Excretion Without Honor or Humanity
Our first introduction to the premise of PSG is this story of haunted toilets and a giant faecal monster. The premise is a classic Magical Girl Premise, two girls from another world who must fight monsters in order to attain rewards and return to their world. The joke is that the Magical Girls in question are shallow monsters obsessed with sex and sugar respectively.
Much has been made of the visual style and its inspiration from 90s Hanna Barbera fare (it in turn influenced by anime, 60s HB and 50s UPA). As refreshing as it might be when cast against the standard anime fare of today, there are signs that it suffers from it’s multiple dilutions of influences. And unfortunately that’s mostly seen in this first story.
As bold as the design, movement and colours are in the characters, the backgrounds in this episode also are. This means it looks cluttered, overly busy and the foreground gets confused with the background.
There is also a problem with far too much exposition to set everything up. As fun as the opening theme with its auto-tuned Panty, Stocking, Panty, Panty, Stocking mantra is, they could have used that time more effectively by setting up the premise in the theme tune.
I still enjoyed it, but was a little disappointed in the execution. Thankfully that was erased by…
Death Race 2010
Set during the day, as opposed to the night time of first story, the colour design and backgrounds begin to work in the show’s favour. Sushio’s in charge of animation here, and we get a lot of comedy action that is closer to Imaishi’s Re:Cutey Honey episode than the hectic barrage of Dead Leaves. You could argue that some of action comes at the expense of gags per minute, but I’d rather have action than exposition filling that time.
The Clamor of the Beehive
Here we get the introduction of Briefs, the nerdy teenage fanboy of Panty. Who dresses like a Ghostbuster. They meet him when infiltrating a school where students are going missing. The gags start coming a lot faster in this episode compared to the opening two, but at the cost of showcase animation. There’s definitely a question of where their priorities are and balance between the various aspects of the show lays throughout the episodes.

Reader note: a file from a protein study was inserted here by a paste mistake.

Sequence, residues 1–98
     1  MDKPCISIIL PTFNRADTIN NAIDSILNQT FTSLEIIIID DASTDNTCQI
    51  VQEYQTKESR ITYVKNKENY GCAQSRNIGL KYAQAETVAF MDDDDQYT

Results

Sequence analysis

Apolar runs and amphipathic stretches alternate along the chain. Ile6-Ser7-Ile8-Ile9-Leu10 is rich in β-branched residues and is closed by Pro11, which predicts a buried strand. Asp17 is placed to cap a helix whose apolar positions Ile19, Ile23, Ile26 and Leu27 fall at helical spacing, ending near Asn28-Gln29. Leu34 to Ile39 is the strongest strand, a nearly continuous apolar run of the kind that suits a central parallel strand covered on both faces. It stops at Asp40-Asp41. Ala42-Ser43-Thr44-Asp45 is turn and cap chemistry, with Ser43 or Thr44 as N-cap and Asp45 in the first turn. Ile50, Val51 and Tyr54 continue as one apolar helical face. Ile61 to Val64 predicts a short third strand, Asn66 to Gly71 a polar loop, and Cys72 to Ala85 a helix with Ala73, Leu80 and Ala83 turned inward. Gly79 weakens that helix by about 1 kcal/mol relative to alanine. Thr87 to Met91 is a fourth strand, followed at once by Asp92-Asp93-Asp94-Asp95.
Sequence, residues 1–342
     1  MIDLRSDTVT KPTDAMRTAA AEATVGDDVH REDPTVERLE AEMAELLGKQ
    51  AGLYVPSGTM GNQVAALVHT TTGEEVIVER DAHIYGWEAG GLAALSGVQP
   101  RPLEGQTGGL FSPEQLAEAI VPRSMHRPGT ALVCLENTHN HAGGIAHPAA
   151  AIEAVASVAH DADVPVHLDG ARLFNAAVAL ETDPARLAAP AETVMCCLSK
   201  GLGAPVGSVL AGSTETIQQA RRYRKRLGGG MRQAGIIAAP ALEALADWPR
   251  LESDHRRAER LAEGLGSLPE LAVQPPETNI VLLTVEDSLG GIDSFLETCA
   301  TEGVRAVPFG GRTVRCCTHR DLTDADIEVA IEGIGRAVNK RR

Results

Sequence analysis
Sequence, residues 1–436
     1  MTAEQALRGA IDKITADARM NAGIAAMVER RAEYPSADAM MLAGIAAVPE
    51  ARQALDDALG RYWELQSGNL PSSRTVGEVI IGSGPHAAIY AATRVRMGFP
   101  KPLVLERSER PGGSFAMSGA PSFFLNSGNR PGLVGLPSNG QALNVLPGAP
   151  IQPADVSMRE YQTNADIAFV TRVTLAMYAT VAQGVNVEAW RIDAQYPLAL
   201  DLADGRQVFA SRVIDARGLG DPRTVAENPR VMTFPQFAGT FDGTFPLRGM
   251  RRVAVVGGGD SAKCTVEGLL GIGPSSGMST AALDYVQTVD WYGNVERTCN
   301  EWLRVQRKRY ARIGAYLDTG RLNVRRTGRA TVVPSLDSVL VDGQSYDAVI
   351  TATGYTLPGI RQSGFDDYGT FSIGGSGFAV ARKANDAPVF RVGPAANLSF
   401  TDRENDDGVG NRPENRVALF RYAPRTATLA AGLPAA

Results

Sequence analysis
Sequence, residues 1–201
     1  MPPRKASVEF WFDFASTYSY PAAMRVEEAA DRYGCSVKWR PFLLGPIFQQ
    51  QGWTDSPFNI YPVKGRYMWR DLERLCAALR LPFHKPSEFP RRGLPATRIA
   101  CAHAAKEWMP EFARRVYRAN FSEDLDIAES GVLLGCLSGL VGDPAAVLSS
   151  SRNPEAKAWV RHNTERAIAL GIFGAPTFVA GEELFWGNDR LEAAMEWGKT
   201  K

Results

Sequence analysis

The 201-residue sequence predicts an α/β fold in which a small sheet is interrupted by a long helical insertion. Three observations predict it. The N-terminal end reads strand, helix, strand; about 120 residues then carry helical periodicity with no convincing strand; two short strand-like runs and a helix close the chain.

Sex and the Daten City
An episode without a ghost for the girls to hunt, instead it involves the debut of Panty & Stocking’s first motion picture. Only it turns out Panty had unknowingly filmed a porno film, and so they go on worldwide hunt to destroy all copies. Probably the most effective episode all round to date.
Another episode where the “Anarchy Angels” have a falling out, and struggle to defeat their foe. Probably most notable for introducing paedophile priest gags into the show as we see Garterbelt taking an untoward interest in Briefs. Some funny gags, but not that memorable as an episode.
Whereas this episode about the ghosts of sperm taking over a tissue paper factory definitely sticks in your mind. The gags don’t come as thick and fast as Catfight Club’s but they are delivered with more aplomb. I’m certain the sperm as soldiers gag has been done many times before, but probably not with this amount of thought given to the visuals.
In conclusion, it’s clearly not a show for everyone, lots of folks will get stuck at the puerile humour and not see the craft involved. It’s not a show where folks are going to stick with it to see if they might warm up to it. They might not even stick around for the second story in the first episode.
For my tastes, I think it pulls it off quite well. There’s room for improvement, but when you look at other shows, animated and otherwise, mining the same vein of humour it’s doing a lot right. Nick Swardson’s Pretend Time, I am looking at you and your over-long, leaden sketches.